Chapter IV – Annex
Examples concerning essential features
Claim 1 relates to a method for storing gel-coated seeds having a gel coat comprising an aqueous gel having been made water-insoluble by a metal ion. The method is characterised by storing the gel-coated seeds in an aqueous solution containing said metal ion. In the description the object of the invention is defined as providing a method for storing gel-coated seeds easily without causing reduction in yield and handling properties. It was emphasised in the description that it is necessary to confine the metal ion concentration to a specific range in order to achieve the goals of the invention. A metal ion concentration outside the specific range was presented as negatively influencing yield and handling properties. The subject-matter of claim 1 – which does not indicate the specific range – therefore does not solve the problem stated in the description.
The invention relates to an apparatus for concave shaping of a metal strip. In the closest prior art, the metal strip is passed transversely to its length through a shaping set of rollers at which the concave shape is applied to the strip. According to the description, the problem is that the rollers are unable to subject the lateral ends of the strip to a curve-creating force and so the lateral ends normally end up planar. The distinguishing feature of the independent claim specifies that a flexible belt or web-like member is provided to support the strip in its passage through the shaping set of rollers. This feature is sufficient to solve the problem. Further features, e.g. the details of the mechanism for advancing the strip into the shaping set of rollers or the provision of at least three rollers, are not necessary to solve the problem: such additional features would unduly restrict the claim (see T 1069/01).
Claim 1 is directed to an apparatus for coding television signals comprising, amongst other features, a parameter generating means which ensures that the error between the pixel data of the predicted and actual current fields is minimised. The description describes only one example for minimising the error, namely a method of least squares. What is important is that the skilled person would be able to realise how the error minimising function can be implemented: it is not relevant in this context whether the method of least squares is the only method applicable. It is therefore not necessary to further restrict the claimed parameter generating means in the sense that it uses a method of least squares (see T 41/91).
The description states that a compound C is obtained by reacting a mixture of A and B for at least 10 minutes at 100°C. It is emphasised that A and B must be reacted for this minimum amount of time, as otherwise the reaction will be incomplete and C will not be formed. Claim 1 is directed to a process for the production of compound C, characterised by reacting a mixture of A and B for 5 to 15 minutes at 100°C. The claim does not contain all the essential features of the invention, as the description clearly states that for the reaction to be complete, it is necessary to react A and B for at least 10 minutes.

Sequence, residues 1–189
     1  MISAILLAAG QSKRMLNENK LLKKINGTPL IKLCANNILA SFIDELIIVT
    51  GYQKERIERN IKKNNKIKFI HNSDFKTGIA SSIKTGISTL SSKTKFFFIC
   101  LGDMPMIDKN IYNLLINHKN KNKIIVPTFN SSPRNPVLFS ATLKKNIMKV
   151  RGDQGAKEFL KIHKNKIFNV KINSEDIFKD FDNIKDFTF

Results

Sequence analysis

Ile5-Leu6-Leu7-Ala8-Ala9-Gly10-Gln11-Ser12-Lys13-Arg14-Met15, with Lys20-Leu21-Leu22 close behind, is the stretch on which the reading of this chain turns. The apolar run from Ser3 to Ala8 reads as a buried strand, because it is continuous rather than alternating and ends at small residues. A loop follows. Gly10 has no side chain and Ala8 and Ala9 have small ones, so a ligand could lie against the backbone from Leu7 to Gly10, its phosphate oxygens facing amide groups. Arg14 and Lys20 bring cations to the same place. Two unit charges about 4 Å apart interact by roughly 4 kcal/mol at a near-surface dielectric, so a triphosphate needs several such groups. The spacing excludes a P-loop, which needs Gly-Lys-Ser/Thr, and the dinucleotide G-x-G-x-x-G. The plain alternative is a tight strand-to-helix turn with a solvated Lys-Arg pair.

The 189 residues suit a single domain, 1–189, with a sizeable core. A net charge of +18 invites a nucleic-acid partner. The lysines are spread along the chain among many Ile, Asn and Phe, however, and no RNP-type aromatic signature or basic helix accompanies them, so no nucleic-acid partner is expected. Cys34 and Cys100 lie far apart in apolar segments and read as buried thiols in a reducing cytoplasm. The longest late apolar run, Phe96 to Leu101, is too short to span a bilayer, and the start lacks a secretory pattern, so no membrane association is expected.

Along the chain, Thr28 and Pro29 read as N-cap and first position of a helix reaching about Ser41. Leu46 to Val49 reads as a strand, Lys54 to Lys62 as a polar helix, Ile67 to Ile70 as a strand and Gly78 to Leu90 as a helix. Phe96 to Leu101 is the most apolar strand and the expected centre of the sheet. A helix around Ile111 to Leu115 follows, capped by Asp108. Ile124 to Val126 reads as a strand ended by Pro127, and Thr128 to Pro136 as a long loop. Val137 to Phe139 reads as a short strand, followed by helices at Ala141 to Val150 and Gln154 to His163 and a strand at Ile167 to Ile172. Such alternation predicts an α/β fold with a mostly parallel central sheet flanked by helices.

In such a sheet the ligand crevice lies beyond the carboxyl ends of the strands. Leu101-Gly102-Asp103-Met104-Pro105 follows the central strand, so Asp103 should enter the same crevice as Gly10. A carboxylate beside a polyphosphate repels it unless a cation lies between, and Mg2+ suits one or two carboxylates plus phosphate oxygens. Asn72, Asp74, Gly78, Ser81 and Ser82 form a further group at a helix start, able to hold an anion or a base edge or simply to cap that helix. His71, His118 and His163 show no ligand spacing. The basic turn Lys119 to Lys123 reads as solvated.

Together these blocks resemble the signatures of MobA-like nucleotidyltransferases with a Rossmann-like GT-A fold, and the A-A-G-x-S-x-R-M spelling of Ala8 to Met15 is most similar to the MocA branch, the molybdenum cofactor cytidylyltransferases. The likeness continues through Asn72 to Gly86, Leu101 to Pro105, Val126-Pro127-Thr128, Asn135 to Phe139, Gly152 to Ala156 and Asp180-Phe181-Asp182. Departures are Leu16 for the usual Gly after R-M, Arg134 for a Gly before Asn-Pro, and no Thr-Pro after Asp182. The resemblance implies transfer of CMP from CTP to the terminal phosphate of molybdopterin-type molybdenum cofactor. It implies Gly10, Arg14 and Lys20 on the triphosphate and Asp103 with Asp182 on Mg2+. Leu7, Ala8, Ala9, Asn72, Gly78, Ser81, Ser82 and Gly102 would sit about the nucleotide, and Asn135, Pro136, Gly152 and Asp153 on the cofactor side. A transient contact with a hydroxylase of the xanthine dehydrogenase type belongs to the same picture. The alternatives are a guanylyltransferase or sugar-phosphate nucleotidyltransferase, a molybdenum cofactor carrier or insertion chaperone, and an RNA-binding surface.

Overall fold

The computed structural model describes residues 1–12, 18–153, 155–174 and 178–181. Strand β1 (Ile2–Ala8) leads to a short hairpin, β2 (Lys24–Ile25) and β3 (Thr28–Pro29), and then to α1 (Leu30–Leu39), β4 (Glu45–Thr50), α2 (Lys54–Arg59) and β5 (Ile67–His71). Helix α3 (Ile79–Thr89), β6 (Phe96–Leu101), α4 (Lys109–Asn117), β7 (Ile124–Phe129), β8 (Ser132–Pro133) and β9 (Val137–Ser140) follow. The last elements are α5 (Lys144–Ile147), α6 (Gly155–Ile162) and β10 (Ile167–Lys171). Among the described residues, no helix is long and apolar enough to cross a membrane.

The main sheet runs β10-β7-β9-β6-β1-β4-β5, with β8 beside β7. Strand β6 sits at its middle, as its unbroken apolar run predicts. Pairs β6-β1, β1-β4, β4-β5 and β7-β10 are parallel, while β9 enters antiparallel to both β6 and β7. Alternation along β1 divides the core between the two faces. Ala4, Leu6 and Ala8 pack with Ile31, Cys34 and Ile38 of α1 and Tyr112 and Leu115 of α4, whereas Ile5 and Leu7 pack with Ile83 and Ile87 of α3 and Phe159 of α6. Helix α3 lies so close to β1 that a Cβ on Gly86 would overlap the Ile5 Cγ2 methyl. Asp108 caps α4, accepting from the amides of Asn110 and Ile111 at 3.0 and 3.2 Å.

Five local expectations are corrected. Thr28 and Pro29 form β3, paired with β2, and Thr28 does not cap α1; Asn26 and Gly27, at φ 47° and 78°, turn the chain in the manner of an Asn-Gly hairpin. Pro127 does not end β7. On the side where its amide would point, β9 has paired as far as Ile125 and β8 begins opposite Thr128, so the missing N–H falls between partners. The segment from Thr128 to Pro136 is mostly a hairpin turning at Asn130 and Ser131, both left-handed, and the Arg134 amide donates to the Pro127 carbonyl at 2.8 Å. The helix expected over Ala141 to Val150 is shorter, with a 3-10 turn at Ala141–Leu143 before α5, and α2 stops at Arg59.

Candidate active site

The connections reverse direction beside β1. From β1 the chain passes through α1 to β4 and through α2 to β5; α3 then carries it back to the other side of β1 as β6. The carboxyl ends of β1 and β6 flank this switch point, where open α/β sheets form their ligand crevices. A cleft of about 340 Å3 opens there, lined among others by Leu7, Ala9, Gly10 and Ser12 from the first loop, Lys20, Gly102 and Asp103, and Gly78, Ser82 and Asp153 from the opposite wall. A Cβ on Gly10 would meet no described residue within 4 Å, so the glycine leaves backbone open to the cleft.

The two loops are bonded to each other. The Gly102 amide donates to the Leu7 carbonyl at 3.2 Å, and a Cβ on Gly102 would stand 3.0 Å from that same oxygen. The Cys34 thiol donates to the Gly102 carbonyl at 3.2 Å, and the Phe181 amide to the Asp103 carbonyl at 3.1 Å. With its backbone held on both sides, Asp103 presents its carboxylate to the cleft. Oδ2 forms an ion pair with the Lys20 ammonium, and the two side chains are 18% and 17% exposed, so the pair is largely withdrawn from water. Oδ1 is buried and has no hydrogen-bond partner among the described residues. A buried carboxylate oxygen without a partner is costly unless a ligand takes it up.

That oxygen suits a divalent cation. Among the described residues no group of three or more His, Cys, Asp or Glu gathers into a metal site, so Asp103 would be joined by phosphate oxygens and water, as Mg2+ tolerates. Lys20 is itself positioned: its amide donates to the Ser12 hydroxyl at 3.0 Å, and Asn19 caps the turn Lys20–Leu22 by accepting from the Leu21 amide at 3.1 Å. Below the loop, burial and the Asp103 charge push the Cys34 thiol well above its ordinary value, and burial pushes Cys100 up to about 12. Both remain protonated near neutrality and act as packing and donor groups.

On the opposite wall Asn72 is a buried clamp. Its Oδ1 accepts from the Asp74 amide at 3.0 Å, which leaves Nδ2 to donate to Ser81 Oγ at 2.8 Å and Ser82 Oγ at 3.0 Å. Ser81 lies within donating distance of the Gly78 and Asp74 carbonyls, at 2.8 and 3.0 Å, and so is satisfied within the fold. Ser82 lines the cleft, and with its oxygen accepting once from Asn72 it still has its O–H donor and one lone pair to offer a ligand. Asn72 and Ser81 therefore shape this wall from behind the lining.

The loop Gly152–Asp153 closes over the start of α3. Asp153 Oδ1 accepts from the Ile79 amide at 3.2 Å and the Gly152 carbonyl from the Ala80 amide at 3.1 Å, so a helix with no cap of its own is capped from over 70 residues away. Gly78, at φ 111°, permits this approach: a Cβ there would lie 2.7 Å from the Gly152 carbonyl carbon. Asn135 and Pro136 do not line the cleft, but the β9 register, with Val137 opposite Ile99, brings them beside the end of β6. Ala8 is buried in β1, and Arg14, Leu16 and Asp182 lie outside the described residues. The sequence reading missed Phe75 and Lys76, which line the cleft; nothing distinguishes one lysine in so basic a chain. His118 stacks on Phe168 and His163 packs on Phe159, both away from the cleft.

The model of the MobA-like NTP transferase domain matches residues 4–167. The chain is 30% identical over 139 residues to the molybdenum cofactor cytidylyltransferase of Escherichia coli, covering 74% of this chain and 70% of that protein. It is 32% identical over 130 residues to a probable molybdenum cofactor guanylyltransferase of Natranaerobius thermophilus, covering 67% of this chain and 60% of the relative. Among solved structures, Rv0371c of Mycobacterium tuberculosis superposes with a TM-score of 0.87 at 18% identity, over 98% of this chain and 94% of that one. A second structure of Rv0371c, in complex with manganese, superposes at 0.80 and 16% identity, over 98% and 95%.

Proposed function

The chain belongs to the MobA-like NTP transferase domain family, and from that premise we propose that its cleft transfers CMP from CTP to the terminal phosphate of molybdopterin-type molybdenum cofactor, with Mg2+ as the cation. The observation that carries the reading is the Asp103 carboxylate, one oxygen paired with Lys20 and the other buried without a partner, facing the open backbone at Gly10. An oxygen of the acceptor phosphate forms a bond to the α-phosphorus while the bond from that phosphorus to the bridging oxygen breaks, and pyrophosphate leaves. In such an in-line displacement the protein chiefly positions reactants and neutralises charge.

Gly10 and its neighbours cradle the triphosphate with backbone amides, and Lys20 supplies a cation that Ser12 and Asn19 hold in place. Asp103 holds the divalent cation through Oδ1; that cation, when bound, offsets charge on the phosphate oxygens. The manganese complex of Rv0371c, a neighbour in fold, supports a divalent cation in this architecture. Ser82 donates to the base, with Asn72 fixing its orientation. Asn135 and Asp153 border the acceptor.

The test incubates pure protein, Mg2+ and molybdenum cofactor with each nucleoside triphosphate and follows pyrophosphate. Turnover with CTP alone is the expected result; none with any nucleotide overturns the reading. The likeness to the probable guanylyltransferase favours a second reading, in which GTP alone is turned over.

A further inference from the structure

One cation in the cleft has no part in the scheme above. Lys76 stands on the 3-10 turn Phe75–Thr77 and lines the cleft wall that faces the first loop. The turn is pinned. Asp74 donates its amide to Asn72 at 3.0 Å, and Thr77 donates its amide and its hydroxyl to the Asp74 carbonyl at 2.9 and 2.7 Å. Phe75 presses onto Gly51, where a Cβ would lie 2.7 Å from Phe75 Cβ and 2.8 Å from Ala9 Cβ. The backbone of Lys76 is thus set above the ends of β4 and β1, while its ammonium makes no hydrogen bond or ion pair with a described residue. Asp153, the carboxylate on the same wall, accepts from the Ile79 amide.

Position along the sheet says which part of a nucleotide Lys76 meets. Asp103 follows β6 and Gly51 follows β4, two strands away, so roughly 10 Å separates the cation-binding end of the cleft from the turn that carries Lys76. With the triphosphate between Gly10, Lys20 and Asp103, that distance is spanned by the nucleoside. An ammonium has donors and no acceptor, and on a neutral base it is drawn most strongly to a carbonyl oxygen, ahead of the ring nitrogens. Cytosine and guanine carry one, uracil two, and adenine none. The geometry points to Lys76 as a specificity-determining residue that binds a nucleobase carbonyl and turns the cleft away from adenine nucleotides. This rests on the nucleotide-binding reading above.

The description identifies the problem to be solved as providing aerosol compositions wherein the percentage of undesirable volatile organic compounds (VOCs) required as propellant is dramatically decreased, resulting in less VOC release to the atmosphere. Claim 1 specifies the minimum amount of at least 15 weight% of propellant (which is a VOC) in the aerosol, but is completely silent about any maximum amount thereof. The problem underlying the application of releasing less VOCs into the environment is solved only when the propellant does not exceed a particular maximum amount in the aerosol composition: this maximum value is therefore an essential feature of the invention. Claim 1 covers aerosols comprising any amount of propellant greater than or equal to 15 weight%, thereby covering the deficient high percentage of propellant present in conventional aerosols. The percentage of undesirable VOCs in the claimed aerosol compositions is therefore not "dramatically decreased", and so the stated aim of the present invention is not achieved (see T 586/97).
As regards diagnostic methods, in G 1/04 it is indicated that if the deductive medical or veterinary decision phase is unambiguously derivable from the application or patent as a whole, it is to be included as an essential feature in the independent claim. In other words, if the inevitable outcome of the first three phases of such a method (see G‑II, 184.108.40.206) is a specific diagnosis for curative purposes allowing the deviation to be attributed to a particular clinical picture, the decision phase must be included in the independent claim in order to fulfil the requirements of Art. 84. However, this may cause a claim to be excluded from patentability under Art. 53(c) (see also G‑II, 220.127.116.11). The requirement that the final decision phase be included in the independent claim as an essential feature is to be applied only if it is clear from the application/patent as a whole that the inevitable result of the findings leads unambiguously to a particular diagnosis: this will have to be decided by the division on a case-by-case basis.